Beadwork with Dakota Ireland
Shekoli/Hello, my name is Dakota (Kalo:loks) Ireland.
I do a lot of different beadwork, but mostly jewelry such as rings, bracelets, earrings, and necklaces/medallions. The main beading style that I use is peyote stitch (also known as gourd stitch) and it is a particular style of weaving.
I come from the Oneida Nation of the Thames and my clan is Bear. I have been working with the Museum of Ontario Archaeology for two and a half years now. I was the curator for The Story of Our Grandfathers: Our Original Medicine exhibition from May-August 2014 and the assistant curator for the On^yota’a:ka: ukwehuwenekha’ khale’/miinwaa Anishinaabemowin language exhibition that is currently on display at the museum.
The peyote stitch was originally used by the Kiowa and Comanche tribes from the South. It is similar to the brick stitch where only one bead is used at a time. Each First Nation tribe has their own signature style of beadwork. I am not using the style of beadwork that comes from my people. I learned the peyote style of beadwork because I like it. Being able to share amongst each other is how traditions get passed on. It is important to acknowledge where the original style or craft comes from.
The Peyote stitch can be used for many different things – decorating pipes, drum sticks, whistles, and lighters. It can also be made into jewelry like rings, bracelets, and earrings. Since using this style of beading can be time-consuming, it is best to start with rings, bracelets, or decorating around something small like a lighter. The video will show you the basic stitch of peyote style. Once you have the basic stitch down, then the possibilities are endless with what you can do with it!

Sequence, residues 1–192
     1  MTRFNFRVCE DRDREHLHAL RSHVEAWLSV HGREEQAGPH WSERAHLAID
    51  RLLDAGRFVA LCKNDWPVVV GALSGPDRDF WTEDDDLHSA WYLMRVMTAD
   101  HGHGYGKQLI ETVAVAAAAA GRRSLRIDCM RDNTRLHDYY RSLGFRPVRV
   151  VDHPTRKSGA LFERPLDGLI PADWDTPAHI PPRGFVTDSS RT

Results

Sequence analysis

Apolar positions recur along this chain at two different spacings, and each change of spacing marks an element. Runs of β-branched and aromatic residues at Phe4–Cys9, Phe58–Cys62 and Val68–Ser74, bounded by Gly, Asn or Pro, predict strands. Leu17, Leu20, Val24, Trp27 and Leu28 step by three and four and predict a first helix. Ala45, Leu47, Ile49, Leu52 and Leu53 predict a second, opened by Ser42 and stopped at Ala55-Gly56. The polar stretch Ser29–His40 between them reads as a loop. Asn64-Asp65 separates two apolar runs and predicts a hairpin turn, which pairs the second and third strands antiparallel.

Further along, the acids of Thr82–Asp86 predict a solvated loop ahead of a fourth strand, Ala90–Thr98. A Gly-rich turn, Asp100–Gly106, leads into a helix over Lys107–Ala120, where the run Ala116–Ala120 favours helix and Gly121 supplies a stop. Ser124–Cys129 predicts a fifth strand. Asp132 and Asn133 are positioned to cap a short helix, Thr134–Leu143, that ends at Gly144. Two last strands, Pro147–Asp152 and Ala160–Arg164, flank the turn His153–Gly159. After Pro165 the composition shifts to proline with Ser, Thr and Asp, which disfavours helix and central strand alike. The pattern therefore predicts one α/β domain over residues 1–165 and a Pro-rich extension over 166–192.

It is during times of beading when we share stories, sing, or just be in tranquility. It is important to put good energies and love into your beaded project!
I find that beading is calming and therapeutic. It is a great way to relieve stress and calm the mind. I love beading! I would like to share the joy of beading and will be planning a workshop at the museum in the future. Before the workshop, I will be offering a drop-in beading session on Sunday, June 5th. If you have any questions, want to see the style, or try it out before signing up for a workshop, feel free to drop by! If you are interested in taking part in a workshop, please CLICK HERE to let us know and we’ll be sure to let you know when the workshop is scheduled.